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Daryl G. Kimball

Daryl G. Kimball, Executive DirectorDaryl Kimball became the Executive Director of the Arms Control Association in September 2001. The Arms Control Association (ACA) is a private, non-profit membership organization dedicated to public education and support of effective arms control measures pertaining to nuclear, chemical, biological, and conventional weapons.

ACA, formed in 1971, is a leading source of information and analysis for the news media and policy-makers on arms control and non-proliferation matters. Kimball is also the chief editorial advisor and a contributor to ACA's magazine, Arms Control Today, widely considered to be the journal of record in the field.

Mr. Kimball is a frequent source for reporters and has written and spoken extensively about nuclear arms control and non-proliferation, and weapons production. In 2004, National Journal recognized Kimball as one of the ten key individuals whose ideas will help shape the policy debate on the weapons proliferation.

Background: From 1997 to 2001, Kimball was the executive director of the Coalition to Reduce Nuclear Dangers, a consortium of 17 of the largest U.S. non-governmental organizations working together to strengthen national and international security by reducing the threats posed by nuclear weapons. While at the Coalition, Kimball coordinated community-wide education, research and lobbying campaigns for the Comprehensive Test Ban Treaty, further deep and verifiable reductions in nuclear weapons stockpiles, and against the deployment of an unproven and ineffective national missile defense system.

From 1989-1997, Kimball worked as the Associate Director for Policy and later, the Director of Security Programs for Physicians for Social Responsibility (PSR). While at PSR, Kimball organized media, lobbying and public education campaigns against nuclear weapons production and testing, and research projects on the health and environmental impacts of the nuclear arms race. Through PSR, Kimball helped spearhead non-governmental efforts to win Congressional approval for the 1992 nuclear test moratorium legislation, to extend the test moratorium in 1993, to win U.S. support for a "zero-yield" test ban treaty, and for the U.N.'s 1996 endorsement of the CTBT.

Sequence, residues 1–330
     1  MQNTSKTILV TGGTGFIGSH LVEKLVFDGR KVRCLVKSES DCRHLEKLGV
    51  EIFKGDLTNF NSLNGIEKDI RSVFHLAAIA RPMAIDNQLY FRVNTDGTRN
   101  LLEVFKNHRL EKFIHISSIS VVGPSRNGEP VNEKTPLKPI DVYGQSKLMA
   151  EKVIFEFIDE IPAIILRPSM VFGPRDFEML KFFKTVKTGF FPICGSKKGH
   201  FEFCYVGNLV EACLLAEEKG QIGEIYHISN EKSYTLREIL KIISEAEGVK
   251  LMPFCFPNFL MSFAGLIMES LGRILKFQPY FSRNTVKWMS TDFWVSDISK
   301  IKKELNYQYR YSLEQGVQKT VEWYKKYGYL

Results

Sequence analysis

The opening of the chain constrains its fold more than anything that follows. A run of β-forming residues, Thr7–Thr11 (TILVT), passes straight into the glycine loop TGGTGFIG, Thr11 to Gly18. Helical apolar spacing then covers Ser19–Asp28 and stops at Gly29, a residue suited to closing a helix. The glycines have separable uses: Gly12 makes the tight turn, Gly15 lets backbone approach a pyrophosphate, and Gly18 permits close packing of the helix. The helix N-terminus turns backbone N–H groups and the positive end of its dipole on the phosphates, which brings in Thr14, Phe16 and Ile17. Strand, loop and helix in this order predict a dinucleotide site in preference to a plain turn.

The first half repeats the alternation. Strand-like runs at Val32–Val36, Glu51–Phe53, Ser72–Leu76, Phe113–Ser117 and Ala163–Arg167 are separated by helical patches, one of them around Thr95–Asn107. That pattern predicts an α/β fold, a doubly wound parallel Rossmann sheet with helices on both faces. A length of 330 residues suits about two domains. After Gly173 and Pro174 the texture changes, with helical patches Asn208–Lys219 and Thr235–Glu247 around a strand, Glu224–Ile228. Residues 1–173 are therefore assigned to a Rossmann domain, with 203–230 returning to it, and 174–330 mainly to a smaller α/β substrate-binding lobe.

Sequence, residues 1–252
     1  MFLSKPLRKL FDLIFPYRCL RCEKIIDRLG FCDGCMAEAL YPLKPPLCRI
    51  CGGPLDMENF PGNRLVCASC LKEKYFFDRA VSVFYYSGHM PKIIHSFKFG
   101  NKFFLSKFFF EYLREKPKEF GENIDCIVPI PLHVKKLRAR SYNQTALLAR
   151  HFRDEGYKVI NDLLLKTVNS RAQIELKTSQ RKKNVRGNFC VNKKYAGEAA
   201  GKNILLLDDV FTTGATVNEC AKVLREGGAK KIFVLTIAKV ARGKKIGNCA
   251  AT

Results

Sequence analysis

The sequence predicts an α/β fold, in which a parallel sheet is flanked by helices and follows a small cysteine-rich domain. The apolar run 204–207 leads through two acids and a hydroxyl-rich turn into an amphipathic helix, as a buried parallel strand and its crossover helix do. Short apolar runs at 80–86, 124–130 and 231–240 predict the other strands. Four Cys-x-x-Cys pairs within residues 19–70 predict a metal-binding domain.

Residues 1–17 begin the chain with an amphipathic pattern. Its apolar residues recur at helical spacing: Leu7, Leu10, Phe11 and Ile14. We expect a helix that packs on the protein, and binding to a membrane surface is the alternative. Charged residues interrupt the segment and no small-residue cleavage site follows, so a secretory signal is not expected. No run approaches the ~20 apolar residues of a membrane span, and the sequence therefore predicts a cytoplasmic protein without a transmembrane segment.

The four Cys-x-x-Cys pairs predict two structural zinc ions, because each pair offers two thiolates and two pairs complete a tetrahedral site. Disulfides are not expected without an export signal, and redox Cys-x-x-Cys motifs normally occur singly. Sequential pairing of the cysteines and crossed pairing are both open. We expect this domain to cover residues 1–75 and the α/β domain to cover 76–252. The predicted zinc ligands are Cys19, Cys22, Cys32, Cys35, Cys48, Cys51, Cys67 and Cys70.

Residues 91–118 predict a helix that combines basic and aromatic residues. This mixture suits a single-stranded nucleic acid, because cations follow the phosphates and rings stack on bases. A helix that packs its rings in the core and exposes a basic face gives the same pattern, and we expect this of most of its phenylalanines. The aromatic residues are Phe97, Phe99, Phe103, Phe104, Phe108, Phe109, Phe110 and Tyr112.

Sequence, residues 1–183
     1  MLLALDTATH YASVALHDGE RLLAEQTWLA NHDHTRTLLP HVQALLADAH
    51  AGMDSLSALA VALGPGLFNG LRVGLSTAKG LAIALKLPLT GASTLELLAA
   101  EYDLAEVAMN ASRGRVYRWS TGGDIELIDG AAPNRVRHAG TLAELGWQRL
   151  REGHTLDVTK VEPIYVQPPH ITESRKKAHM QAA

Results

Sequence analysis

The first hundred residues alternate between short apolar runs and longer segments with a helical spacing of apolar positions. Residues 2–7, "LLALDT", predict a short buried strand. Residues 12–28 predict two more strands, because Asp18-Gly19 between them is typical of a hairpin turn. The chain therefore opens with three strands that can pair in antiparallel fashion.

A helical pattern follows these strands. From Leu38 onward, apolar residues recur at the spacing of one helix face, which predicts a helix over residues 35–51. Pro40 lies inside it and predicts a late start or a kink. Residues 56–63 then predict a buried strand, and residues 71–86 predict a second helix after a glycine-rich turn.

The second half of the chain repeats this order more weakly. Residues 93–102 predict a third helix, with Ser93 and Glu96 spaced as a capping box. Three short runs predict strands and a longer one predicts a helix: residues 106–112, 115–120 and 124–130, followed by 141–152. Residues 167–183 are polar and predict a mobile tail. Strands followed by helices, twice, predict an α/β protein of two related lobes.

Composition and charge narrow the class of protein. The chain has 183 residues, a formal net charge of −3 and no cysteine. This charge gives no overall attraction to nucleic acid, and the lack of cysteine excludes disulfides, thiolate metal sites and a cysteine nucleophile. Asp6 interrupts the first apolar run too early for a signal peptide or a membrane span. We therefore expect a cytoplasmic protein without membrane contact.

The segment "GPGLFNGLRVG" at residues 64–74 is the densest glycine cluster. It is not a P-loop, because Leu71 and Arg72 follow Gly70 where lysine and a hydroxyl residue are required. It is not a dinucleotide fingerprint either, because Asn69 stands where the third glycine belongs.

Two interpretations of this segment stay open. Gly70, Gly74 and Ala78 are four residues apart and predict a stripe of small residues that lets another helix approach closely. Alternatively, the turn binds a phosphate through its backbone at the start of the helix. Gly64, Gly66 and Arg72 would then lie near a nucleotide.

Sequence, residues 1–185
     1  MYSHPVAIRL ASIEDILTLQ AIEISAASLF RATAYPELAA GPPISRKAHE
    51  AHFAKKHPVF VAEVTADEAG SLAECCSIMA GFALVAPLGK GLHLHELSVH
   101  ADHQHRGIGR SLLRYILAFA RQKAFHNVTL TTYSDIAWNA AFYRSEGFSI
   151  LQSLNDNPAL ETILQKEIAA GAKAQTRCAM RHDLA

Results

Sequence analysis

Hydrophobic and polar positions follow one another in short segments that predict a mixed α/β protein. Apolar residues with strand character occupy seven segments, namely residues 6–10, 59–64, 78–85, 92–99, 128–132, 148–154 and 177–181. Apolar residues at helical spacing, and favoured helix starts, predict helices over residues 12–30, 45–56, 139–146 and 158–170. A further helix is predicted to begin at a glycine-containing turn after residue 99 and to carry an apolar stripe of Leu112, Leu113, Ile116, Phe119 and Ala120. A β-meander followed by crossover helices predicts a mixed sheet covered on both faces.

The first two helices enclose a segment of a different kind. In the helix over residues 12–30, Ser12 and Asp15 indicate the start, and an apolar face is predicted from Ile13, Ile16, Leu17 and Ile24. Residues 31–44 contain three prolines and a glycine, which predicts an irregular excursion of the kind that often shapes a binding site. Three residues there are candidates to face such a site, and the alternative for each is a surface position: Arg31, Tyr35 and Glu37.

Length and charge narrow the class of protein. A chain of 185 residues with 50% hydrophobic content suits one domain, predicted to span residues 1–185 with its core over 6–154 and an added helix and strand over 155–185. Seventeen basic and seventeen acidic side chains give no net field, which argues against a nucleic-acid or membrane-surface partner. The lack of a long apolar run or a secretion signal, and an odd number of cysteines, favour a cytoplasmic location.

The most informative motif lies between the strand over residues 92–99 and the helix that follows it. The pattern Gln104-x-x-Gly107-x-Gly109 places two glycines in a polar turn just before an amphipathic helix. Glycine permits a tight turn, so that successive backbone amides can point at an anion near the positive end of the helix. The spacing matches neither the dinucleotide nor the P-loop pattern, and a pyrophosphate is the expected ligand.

Daryl Kimball is a 1986 Graduate of Miami University of Ohio. He holds a B.A. in Political Science and Diplomacy/Foreign Affairs. He is also a former Herbert R. Scoville Peace Fellow (1989).

He lives in Washington D.C. with his partner Sally James and their daughter Nola.

Read more by Daryl G. Kimball:

  • Arms Control Today
    May 1, 2014

    Israel appears to be signaling that it is seriously considering ratification of the Comprehensive Test Ban Treaty.

  • Arms Control Today
    April 30, 2014

    Proliferation prevention requires a comprehensive approach, involving multiple barriers against the acquisition and further development of nuclear weapons. Nowhere is this more apparent and necessary than the Middle East, which already has one undeclared nuclear-armed state—Israel—and another state with the capacity to build nuclear weapons if it were to choose to do so—Iran.

  • ACA Events
    April 28, 2014

    We are one year away from the 2015 Non-Proliferation Treaty Review Conference, and the global nuclear disarmament and risk reduction enterprise is at yet another important crossroads. The situation requires that the states gathered here must seriously consider, explore, and pursue alternative options to reduce global nuclear dangers and jumpstart progress toward the fulfillment of the ambitious 2010 NPT Action Plan.

  • ACA Events
    April 23, 2014

    Since the bombings of Hiroshima and Nagasaki, the catastrophic effects of nuclear weapons have driven global leaders to pursue concrete steps to reduce the threat of nuclear weapons use.

  • Arms Control Today
    April 1, 2014

    John B. Rhinelander, a key figure in the negotiation of the first Strategic Arms Limitation Talks (SALT) agreement and the Anti-Ballistic Missile (ABM) Treaty and a long-time member of the Arms Control Association Board of Directors, died unexpectedly on March 2.